Wednesday, May 20, 2009

Chicago Police Need Customer Service Training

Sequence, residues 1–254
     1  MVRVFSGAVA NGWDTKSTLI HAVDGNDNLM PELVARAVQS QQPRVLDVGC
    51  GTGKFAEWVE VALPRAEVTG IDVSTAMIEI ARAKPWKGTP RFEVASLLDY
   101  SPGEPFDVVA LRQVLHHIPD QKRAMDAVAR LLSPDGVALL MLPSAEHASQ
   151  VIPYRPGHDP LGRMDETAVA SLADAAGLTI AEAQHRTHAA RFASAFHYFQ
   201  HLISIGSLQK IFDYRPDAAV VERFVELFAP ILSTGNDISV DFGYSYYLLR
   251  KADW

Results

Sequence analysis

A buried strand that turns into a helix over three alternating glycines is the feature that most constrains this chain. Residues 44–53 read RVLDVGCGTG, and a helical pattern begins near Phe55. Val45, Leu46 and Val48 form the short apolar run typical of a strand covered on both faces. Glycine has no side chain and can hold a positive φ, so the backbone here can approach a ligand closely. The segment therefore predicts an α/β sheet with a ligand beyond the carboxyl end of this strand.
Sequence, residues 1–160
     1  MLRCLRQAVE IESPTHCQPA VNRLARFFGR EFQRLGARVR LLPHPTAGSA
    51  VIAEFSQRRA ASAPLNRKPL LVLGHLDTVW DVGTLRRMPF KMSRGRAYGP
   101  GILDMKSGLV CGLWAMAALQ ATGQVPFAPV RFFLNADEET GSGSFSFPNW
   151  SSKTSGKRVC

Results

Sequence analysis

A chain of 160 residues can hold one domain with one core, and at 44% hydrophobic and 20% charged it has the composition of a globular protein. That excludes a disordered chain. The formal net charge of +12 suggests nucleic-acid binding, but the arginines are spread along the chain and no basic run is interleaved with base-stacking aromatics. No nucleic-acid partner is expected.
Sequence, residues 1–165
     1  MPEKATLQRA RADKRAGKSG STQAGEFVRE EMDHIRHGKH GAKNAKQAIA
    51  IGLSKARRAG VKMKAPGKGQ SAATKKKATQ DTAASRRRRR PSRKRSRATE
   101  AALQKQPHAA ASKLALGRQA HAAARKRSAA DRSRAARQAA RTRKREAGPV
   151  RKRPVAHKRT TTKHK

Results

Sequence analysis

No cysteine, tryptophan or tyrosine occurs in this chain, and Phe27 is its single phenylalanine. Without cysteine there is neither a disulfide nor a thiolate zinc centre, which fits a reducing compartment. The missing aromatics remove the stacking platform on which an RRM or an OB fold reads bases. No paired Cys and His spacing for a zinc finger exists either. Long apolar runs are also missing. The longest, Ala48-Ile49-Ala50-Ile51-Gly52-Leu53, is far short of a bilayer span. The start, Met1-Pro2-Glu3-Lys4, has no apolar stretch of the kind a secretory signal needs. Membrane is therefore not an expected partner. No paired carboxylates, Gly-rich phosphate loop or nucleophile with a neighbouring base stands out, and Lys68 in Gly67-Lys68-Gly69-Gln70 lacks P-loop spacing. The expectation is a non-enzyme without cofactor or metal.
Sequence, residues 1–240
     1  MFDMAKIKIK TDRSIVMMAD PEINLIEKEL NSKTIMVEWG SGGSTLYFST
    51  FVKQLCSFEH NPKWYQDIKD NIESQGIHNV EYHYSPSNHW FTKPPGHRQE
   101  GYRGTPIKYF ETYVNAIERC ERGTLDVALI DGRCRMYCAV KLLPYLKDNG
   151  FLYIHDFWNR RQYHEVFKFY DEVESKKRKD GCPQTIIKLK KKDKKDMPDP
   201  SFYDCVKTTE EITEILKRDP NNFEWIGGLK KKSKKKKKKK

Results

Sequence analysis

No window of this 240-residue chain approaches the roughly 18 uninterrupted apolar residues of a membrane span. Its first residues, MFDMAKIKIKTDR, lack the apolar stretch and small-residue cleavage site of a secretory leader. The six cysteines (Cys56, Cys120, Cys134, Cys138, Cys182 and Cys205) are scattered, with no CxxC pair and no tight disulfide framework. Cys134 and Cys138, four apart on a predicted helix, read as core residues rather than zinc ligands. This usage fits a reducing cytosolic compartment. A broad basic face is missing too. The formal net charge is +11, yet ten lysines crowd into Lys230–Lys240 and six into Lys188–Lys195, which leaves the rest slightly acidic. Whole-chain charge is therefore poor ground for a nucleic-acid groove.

A friend and I were discussing my post from Monday, "Uptown Gang Shooting, Police Confusion, Panic," and the rude behavior of so many Chicago police desk officers at districts' headquarters. She excused their rudeness with, "Well, they're kinda like paramilitary and under a lot of pressure." My response was "so what?" Police officers take a lot of abuse on the job, no doubt, but they are also public servants. Not that most public servants are known for stellar customer service; generally, they're rude and not very helpful. The police motto, "Serve and protect," does not include "insults and secrecy," and even in time of war our soldiers home on leave tend to be more polite than the average cop. I've called the U.S. Army, Navy, Air Force, Marines and Coast Guard, FBI and other agencies, all of which are under pressure, too. In none of those experiences were the people on the phone rude to me. Sometimes they answered questions, sometimes they didn't, but they always did so politely. If they didn't know the answer to my question, they usually referred me to someone who did or simply said, nicely, that they didn't know. It's been unusual for them to not return my calls. For the average concerned citizen, a returned call from the Chicago Police Department is about as rare as a six-legged dog or, for that matter, a returned call from most Chicago aldermen. Chicago police officers, far too often, ask you what business it is of yours, who you are, why you want to know, and do so impolitely. Not every officer, certainly, but far too many and far too frequently. For all the talk of openness and reaching out that we hear from Mayor Daley to district commanders to officers who sit in on CAPS meetings, we never hear the phrase "customer service." Police officers get "diversity training" and anger management counseling, but after all these years and hundreds of thousands of instances of secretive, rude refusals to answer basic questions from city residents, nobody in the City of Chicago's government seems to have considered good old customer service training for police officers. The kid working the fryer and taking your order at a local fast food restaurant is under pressure, too, and also takes abuse from customers all day. He's insulted by rude and impatient diners, yet he's more likely to politely answer your questions than are many police officers. That kid doesn't have a contract either, he makes a crappy wage, and he has no gun to protect himself in the event of the restaurant being held up. His customer service training - all 30 minutes of it - is worth more than all of the hollow talk of better community relations that we get from the Chicago Police Department and Mayor Daley combined. It's true, obviously, that the police officers risk their lives every minute that they're on duty, and they do so to protect you and me. But the same can be said of truck drivers, on the highways where over 30,000 people are killed annually. That's far more than the number of police who die on duty. It's true that police save lives, if they're able, but it's also true that power company and gas company repair crews do the same. The odds of being struck by lightning while standing on a ladder in a lightning storm is far greater than being shot while you're a cop on duty. Still, the average repair crew member is more polite and willing to answer questions than many cops. The dangerous nature of their job, and the good work that they do every day, is something for which we should respect police officers. Their wages are paid by our taxes, however, and without our cooperation they could not do what they do. Your calls to 911 are their eyes and ears. The seem to forget that, however, when they answer a question with "What business is it of yours?" It's entirely our business, yours and mine. Isn't that what CPD keeps telling us? Also see Chicago Cops Don't Know CTA Photo Policy, about CPD officers and a CTA employee who harassed me for all the wrong reasons. Hint: They did not know the CTA's own policy about photography on CTA property. Leave a Comment on our Guestbook! CommieBama Hats and More Chicago News Bench RSS Feed Follow ChiNewsBench on Twitter